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Local labor market fluctuations and health: Is there a connection and for whom?

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  • Charles, Kerwin Kofi
  • DeCicca, Philip

Abstract

We examine the relationship between local labor market conditions and several measures of health and health behaviors for a sample of working-aged men living in the 58 largest metropolitan areas in the United States. We find evidence of procyclical relationships for weight-related health and mental health for men with low ex ante employment probabilities. Separate estimates suggest worsening labor market conditions lead to weight gains and reduced mental health among African-American men and lower mental health among less-educated males. Among our findings, those related to mental health are most pronounced.

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Bibliographic Info

Article provided by Elsevier in its journal Journal of Health Economics.

Volume (Year): 27 (2008)
Issue (Month): 6 (December)
Pages: 1532-1550

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Handle: RePEc:eee:jhecon:v:27:y:2008:i:6:p:1532-1550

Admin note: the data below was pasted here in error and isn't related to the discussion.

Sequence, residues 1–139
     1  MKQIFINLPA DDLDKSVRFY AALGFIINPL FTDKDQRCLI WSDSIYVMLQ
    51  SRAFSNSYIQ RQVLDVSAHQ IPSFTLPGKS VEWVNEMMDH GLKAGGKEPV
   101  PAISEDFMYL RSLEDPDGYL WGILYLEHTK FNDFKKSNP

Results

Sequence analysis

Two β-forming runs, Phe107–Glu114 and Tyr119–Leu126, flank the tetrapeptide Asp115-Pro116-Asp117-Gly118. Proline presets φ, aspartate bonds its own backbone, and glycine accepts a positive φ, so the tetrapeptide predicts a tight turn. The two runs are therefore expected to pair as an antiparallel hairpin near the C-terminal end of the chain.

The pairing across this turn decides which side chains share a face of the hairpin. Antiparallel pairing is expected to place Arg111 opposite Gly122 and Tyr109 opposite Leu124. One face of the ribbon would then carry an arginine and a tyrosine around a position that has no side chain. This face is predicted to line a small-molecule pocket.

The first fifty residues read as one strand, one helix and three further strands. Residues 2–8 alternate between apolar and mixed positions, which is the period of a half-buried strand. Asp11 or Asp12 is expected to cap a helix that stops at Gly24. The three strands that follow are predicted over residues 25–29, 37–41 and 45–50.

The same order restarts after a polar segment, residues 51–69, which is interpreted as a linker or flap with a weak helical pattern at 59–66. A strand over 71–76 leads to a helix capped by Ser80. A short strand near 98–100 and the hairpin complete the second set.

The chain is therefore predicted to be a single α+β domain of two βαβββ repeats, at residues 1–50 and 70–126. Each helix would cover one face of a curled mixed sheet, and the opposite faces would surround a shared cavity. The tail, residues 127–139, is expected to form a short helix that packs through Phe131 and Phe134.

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Web page: http://www.elsevier.com/locate/inca/505560

Related research

Keywords: Economic conditions Labor market fluctuations Physical health Mental health Health production;

References

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  1. Christopher J. Ruhm, 2000. "Are Recessions Good For Your Health?," The Quarterly Journal of Economics, MIT Press, vol. 115(2), pages 617-650, May.
  2. Rebecca M. Blank, 1987. "Disaggregating the Effect of the Business Cycle on the Distribution of Income," NBER Working Papers 2397, National Bureau of Economic Research, Inc.
  3. Christopher J. Ruhm & William E. Black, 2001. "Does Drinking Really Decrease in Bad Times?," NBER Working Papers 8511, National Bureau of Economic Research, Inc.
  4. Ruhm, Christopher J., 2003. "Healthy Living in Hard Times," IZA Discussion Papers 711, Institute for the Study of Labor (IZA).
  5. Marianne Bertrand & Esther Duflo & Sendhil Mullainathan, 2004. "How Much Should We Trust Differences-in-Differences Estimates?," The Quarterly Journal of Economics, MIT Press, vol. 119(1), pages 249-275, February.
  6. Bound, John & Holzer, Harry J, 1993. "Industrial Shifts, Skills Levels, and the Labor Market for White and Black Males," The Review of Economics and Statistics, MIT Press, vol. 75(3), pages 387-96, August.
  7. Christine Eibner & William N. Evans, 2005. "Relative Deprivation, Poor Health Habits, and Mortality," Journal of Human Resources, University of Wisconsin Press, vol. 40(3).
  8. Timothy J. Bartik, 1991. "Who Benefits from State and Local Economic Development Policies?," Books from Upjohn Press, W.E. Upjohn Institute for Employment Research, number wbsle.
  9. Yitzhaki, Shlomo, 1979. "Relative Deprivation and the Gini Coefficient," The Quarterly Journal of Economics, MIT Press, vol. 93(2), pages 321-24, May.
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